By the numbers, now...

1. I think you're broadly correct, in that the Combat section might be better titled 'Conflict,' since its for specific people opposing each other, and not the more general difficulty that the Everything But Combat set-up deals with.  It totally applies to heated debates and political maneuvering as much as punching.

2. Combat is used whenever one characters' actions are directly opposed by the efforts of another character.  So a punch/parry obviously qualifies, but so does trying to penetrate the security setup that another character programmed a month before.  Everything but combat applies when failure would be the result of a general 'difficulty,' if there's genuine and relevant concern about a characters' success in the situation, even in the absence of an active opponent.

3. 'Argument' is not a weapon, and so can't inflict lasting penalties... but if you have lasting penalties from being knifed earlier, you will debate less well.

4. Sure, it's harder to identify suspects while you're busy thinking about how much your testicles hurt.  Also, failing to climb the cliffs of insanity may well cause lasting injury.

5. Yes, absolutely.

6. Sort of.  I mean, if you roll to grab the enchanted gem and succeed, you now have the enchanted gem.  All sorts of important things can be *decided* by the rolls.  The big restriction is that at no point can you actually compel another character (except a Demon) to do anything, you can only make certain decisions less optimal.

-My real name is Jules

"Now that we know how many angels can dance on the head of a pin, how do we determine how many angels are dancing, at a given time, on the head of a given pin?"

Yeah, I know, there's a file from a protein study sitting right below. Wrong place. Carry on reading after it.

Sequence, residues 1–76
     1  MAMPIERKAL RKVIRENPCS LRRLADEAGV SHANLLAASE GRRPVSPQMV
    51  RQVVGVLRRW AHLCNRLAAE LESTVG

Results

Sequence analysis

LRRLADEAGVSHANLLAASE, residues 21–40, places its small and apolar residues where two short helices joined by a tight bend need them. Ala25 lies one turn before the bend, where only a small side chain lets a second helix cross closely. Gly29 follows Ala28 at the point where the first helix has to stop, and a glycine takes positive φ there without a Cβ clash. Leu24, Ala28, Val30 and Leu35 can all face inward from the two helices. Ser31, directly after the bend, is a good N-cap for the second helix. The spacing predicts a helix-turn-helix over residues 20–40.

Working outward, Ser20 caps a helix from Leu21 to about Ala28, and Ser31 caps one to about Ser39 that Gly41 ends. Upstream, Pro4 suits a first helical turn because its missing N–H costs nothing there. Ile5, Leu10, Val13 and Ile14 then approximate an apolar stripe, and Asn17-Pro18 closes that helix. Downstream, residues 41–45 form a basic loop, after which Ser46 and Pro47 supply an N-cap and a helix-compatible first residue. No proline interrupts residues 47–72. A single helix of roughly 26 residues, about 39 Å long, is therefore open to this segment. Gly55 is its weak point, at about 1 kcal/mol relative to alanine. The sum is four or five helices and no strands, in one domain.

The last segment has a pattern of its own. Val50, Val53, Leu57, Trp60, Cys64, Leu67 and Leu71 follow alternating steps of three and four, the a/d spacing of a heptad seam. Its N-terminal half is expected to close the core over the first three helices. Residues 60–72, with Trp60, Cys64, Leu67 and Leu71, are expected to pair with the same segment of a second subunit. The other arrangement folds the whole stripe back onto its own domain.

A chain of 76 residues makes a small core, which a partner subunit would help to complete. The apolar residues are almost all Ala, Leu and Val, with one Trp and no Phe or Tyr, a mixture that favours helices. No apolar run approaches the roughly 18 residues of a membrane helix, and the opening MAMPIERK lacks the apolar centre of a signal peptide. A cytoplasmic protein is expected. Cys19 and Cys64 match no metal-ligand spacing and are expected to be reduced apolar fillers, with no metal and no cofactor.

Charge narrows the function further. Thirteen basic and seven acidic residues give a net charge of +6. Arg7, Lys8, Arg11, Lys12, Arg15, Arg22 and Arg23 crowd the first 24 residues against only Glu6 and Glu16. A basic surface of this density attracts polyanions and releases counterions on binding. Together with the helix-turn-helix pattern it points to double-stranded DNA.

"What if angels from another pin engaged them in melee combat?"

Ron Edwards

Hi there,

Everything Jules wrote is correct, but I'll try to answer in my own way - maybe it'll be useful to see it from different angles.

1. When two characters compete for something, or if one tries to get something and another tries to stop him, you roll and interpret just as in Chapter 1. These are effectively zero-sum situations; if A succeeds, then B must fail at competing with or blocking A.

Clarifier: sometimes inanimate and/or non-living thing things act as if they were characters in stories. When this is the case, treat them as A or B above. This is when you use the table of oppositional dice, as if you were were "subduing" the cliff you're climbing. However, in most cases, you'll find that this is unnecessary because often someone else's score is relevant after all.

In all such cases, the roll settles the immediate in-fiction concern, at the very least for that scene, and usually for good. The most obvious example is a race. Once the rolls are made and assessed, the fictional race is over. If you're dealing with a situation composed of distinct steps, say an election, then assigning different roles to meaningful steps is something to consider among the group.

2. When two characters are struggling in any way in such a fashion that both might succeed, or both might not succeed, or only one might, then use the so-called combat rules. Everyone rolls at once, order is set by high values, then, in that order, defensive rolls are considered and possibly result in aborted actions.

Clarifier: if, in the fiction, it is indeed a physical confrontation, then add in the damage tables, which also carries the implication of continuing the conflict into additional rounds. Otherwise, treat it as a one role per character situation and make sure to settle the immediate in-fiction concern(s) as in #1 above.

3. Sometimes actions that fit #1 are carried out in the middle of a mess of other characters whose actions fit #2. In that case, place the action into context by including it as another roll. Use the high value for ordering purposes and roll defensively against it when its turn comes.

Does that help?

Best, Ron